Step 1: Change the school curricula
Making tourism and hospitality a high school subject for learners was, in hindsight, a disservice to the sector. One does not see a matric subject for mining or manufacturing, which raises serious questions about the relevance of having a matric subject for tourism.
Another telling factor is that the best private and public schools do not offer tourism as a subject. In other suburban, rural and township schools, however, tourism is offered as a matric elective subject.
Making the subject elective has relegated tourism to the status of being a ‘soft’ subject. It is chosen as the easy option, especially by those pupils who face the prospect of failing other tougher subjects or who are aiming for a matric pass but not university exemption. As an elective subject it does not contribute to university entrance APS scores, so those learners aiming to get into university are rarely interested in the subject and it adds to the perception that tourism is a second-class career.
Another challenge facing tourism education is that very few teachers have the expertise to deliver tourism or hospitality as a subject. Learners are not engaged with the industry when they have teachers with limited knowledge.
How does one make tourism understood at schools and viewed as a career? Tourism should be embedded into other curricula such as business studies, accounting and geography. Pupils can then be exposed to tourism or hospitality case studies the same way they would be exposed to other industries. This would also ensure that there are serious pupils learning about tourism as a part of a broader context in a strong matric. Those pupils who continue on the academic route then have the option of entering mainstream university courses with their focus being on tourism diplomas and degrees.
For all learners, tourism should be part of Life Orientation and should be presented as a quality-of-life activity for all to enjoy. It should be delivered as an activity that breaks down cultural barriers and fosters understanding between nationalities, races, cultures and religions. Let’s get tourism understood with ‘I am a Tourist’. When I travel to go to a concert or a soccer match ‘I am a tourist’. Tourists are not only rich, white, international leisure visitors.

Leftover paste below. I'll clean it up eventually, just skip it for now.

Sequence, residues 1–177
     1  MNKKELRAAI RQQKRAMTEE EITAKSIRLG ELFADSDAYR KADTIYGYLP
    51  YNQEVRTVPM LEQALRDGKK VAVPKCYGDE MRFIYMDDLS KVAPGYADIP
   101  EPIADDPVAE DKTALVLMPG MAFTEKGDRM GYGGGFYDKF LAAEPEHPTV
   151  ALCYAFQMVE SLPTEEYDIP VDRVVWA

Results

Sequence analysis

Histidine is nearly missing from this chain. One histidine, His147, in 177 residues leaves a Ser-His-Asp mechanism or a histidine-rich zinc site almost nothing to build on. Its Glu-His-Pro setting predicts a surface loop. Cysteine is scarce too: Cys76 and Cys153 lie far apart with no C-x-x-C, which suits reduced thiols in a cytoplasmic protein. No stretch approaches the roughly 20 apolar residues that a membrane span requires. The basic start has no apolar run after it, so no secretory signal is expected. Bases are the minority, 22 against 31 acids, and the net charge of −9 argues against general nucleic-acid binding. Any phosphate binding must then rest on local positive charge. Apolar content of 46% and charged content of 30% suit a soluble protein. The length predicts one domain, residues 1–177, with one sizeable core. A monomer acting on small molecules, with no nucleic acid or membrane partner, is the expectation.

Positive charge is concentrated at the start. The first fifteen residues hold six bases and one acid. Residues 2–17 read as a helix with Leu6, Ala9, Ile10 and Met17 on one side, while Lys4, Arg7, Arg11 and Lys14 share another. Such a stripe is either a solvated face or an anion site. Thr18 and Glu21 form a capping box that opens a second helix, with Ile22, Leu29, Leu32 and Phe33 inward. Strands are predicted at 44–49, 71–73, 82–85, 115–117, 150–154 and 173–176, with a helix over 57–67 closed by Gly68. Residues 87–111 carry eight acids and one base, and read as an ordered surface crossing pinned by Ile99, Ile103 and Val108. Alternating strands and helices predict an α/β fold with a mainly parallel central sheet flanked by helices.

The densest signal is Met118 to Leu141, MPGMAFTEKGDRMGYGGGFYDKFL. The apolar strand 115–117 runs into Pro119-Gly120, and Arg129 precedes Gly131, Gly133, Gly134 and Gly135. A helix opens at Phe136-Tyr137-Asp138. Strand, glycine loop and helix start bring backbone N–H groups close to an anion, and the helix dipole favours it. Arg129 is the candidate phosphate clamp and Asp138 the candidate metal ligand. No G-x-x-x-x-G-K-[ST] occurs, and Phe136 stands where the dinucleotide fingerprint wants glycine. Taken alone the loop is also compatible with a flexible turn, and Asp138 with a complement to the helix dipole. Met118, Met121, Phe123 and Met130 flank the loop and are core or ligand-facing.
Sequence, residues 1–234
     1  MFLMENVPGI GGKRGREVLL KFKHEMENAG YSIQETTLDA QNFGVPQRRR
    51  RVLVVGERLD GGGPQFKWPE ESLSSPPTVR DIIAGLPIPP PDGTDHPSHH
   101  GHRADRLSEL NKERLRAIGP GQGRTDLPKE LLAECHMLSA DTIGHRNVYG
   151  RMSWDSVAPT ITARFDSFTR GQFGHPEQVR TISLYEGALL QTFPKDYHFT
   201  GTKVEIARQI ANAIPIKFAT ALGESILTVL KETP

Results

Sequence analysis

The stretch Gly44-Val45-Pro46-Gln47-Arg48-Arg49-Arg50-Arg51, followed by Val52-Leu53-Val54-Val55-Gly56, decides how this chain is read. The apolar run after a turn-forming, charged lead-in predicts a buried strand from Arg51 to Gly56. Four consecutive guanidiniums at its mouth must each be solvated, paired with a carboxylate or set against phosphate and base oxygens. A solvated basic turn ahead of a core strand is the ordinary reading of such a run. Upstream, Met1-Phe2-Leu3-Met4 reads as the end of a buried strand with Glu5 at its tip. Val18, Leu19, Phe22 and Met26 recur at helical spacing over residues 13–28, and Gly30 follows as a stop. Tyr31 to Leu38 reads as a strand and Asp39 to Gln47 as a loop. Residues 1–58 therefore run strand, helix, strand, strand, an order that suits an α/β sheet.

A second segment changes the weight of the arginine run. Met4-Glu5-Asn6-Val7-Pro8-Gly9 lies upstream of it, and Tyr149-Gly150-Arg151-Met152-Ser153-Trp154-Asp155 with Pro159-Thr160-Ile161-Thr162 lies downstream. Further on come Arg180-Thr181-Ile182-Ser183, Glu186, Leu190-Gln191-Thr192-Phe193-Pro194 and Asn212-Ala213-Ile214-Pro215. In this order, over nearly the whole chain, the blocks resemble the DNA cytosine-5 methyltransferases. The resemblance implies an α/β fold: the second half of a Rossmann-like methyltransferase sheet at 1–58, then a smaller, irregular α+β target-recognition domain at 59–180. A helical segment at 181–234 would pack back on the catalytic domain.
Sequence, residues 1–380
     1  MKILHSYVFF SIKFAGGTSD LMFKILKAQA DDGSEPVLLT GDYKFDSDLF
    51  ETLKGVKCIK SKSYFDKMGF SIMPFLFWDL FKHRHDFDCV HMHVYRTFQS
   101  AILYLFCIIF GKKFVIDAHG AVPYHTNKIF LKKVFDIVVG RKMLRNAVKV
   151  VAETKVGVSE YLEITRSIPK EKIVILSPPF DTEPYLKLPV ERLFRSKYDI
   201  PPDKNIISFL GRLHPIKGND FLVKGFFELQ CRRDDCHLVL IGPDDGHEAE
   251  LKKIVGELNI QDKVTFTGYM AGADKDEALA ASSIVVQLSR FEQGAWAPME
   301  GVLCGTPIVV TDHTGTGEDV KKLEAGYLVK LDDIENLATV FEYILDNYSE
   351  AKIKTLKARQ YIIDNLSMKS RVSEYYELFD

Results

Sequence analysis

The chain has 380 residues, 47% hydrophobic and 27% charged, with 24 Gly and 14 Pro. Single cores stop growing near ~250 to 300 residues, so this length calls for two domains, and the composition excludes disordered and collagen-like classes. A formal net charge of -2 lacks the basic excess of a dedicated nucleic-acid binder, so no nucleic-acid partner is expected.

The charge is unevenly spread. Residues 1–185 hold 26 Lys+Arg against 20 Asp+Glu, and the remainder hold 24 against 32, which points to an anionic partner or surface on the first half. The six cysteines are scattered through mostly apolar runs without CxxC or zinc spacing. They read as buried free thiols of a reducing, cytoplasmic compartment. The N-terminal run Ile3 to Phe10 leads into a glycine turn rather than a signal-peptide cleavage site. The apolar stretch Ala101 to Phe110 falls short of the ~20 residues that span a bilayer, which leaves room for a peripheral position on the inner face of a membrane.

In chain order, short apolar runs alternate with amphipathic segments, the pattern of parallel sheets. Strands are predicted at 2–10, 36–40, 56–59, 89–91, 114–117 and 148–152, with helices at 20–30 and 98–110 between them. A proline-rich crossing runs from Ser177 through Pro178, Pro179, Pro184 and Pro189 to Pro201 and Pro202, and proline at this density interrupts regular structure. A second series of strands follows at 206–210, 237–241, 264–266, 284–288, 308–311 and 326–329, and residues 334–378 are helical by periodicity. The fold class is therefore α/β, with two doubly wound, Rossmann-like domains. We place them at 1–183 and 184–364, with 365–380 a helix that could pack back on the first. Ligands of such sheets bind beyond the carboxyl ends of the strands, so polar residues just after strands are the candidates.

Step 2: Revive Vocational Training
Matric should be seen as an academic qualification. There are many learners who are better off in non-academic high schools. This is a common practice worldwide where non-academic youngsters enter vocational colleges from around age 16. In South Africa we have the Technical Vocational Education and Training colleges (TVETS). This vocational system should work for tourism and hospitality, producing waiters, receptionists, guides and the like.
Through vocational training substantial numbers of employment seekers and future entrepreneurs can gain entry into the industry.
Step 3: Enhance Higher Learning
The higher-learning institutions are generally on point but are not without their challenges. The accreditation process needed to change curricula or to add new courses is drawn out and the challenge is to keep what is being taught as topical and relevant as possible to the evolving industry.
Finding the quality of lecturers is difficult as not many people in tourism have a Masters or PhD, which are needed to qualify as a professor. In addition, tertiary education tourism courses are often filled by the students who could not get into their preferred options – it’s a fall-back or last resort – and the best candidates opt for other degree courses.
We need to elevate tourism and hospitality as a university degree option to be up there among the sought-after, professional business degrees. The best global hotel and tourism degrees at schools like Cornell and Lausanne attract the cream of school leavers and produce global CEOs. The tourism industry with the universities, therefore, have to market vociferously [tourism] as a preferred career alternative in order to attract a share of the brightest young minds into our industry
Step 4: Bite size programmes and interventions
We have had national and provincial skills audits in the past and strategies developed but, in reality, not much has changed. The approach should rather be a stepped approach, working on bite-size chunks that can be digested. Yes, some of these may need a national policy change and others may simply need small task teams addressing issues on the ground in some provinces at some schools and in the TVETS.
The Golden Thread: Image
I am a great believer in image and perceptions – economies work based on confidence. Education for this industry will work when the industry’s image is positive and it is understood, and it has status and is attractive as a career. We need to start in the schools.